Transit riders are not worried about attacks on the subway system, they are worried for their personal safety when there is no security personnel aboard to report activity to, especially at night. Metro would be wise to spend the money they are wasting on this project to more patrol contracts with local police departments and the Sheriff’s Department.

  8. […] Metropolitan Transportation Authority said in a press release that it’s acquired “several Thruvision TAC-TS4 portable terahertz millimeter wave passenger […]

  9. How much Measure M money that I voted for, expecting it would be used to build a transit system is going to be blown on some ridiculous security theater nonsense? Terrorism my fat butt.

  10. Concern 1 – That doesn’t look like it’s creating a ‘generic cartoon avatar’ at all. The green image is the actual outline of the person. If you pointed that at a person from the side instead of from the front, you’d get to see all of the…curves… of their body. If someone walks closely in front of the camera instead of far away like in the images shown here, it will be even worse. This doesn’t look like it actually has any privacy protection AT ALL.

    Concern 2 – What do you do about people who are carrying a purse/messenger bag/backpack? That entire bag will look like a ‘black blob’ to this scanner. Are you going to start searching people’s bags too?

    Concern 3 – Why is Metro even listening to the TSA on this process in the first place? They spent $160 million on body scanners for airports, yet they have a 70-96% failure rate in actually detecting things at their checkpoints during independent challenge testing. One of their scanner venders, Rapiscan, lied about if their scanners could store images (said they didn’t but they did) and the TSA had to remove all those scanners from airports.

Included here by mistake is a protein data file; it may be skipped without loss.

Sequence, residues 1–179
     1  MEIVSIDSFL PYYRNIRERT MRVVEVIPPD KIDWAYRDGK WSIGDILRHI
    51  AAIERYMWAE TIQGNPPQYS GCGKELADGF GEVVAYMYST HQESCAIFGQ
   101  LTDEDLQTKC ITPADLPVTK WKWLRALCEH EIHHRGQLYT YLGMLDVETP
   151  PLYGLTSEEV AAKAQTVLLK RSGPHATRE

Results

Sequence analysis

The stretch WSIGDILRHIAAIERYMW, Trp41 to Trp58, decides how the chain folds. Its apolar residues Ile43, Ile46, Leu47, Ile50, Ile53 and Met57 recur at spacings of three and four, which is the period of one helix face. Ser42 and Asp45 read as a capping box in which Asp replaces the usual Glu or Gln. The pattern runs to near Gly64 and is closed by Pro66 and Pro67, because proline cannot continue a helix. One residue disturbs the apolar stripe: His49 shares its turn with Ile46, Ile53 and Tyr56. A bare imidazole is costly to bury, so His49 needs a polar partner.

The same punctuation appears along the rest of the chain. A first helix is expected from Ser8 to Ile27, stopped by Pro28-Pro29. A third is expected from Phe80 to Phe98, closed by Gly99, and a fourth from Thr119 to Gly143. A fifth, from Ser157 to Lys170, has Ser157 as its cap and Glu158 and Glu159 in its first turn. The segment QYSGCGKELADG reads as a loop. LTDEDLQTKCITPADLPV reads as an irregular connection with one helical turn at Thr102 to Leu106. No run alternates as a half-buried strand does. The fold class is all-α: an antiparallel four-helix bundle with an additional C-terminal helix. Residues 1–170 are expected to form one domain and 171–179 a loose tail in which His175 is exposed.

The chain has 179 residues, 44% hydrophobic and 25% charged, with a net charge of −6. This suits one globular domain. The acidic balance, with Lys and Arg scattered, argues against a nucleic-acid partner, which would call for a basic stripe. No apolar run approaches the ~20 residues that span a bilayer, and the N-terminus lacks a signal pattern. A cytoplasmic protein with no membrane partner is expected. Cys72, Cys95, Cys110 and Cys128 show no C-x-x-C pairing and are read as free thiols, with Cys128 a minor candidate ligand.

This seems like a giant waste of my tax dollars, is possibly a privacy invasion given the way the system is working in the screenshots shown in this post, and is unlikely to actually make anyone more secure. More military-police-industrial complex bullshit.

    Is anyone at “Thruvision” a former TSA or Metro employee, or a family member of a current TSA or Metro employee???

  11. Great, tell the terrorists what type of technology you are using. That way they know what to do. There are several ways to defeat this system.

  12. I thought we were trying to increase transit ridership, not driving it down even further by making a trip on the Red Line similar to going to the airport. Looks like I will be driving more in the future.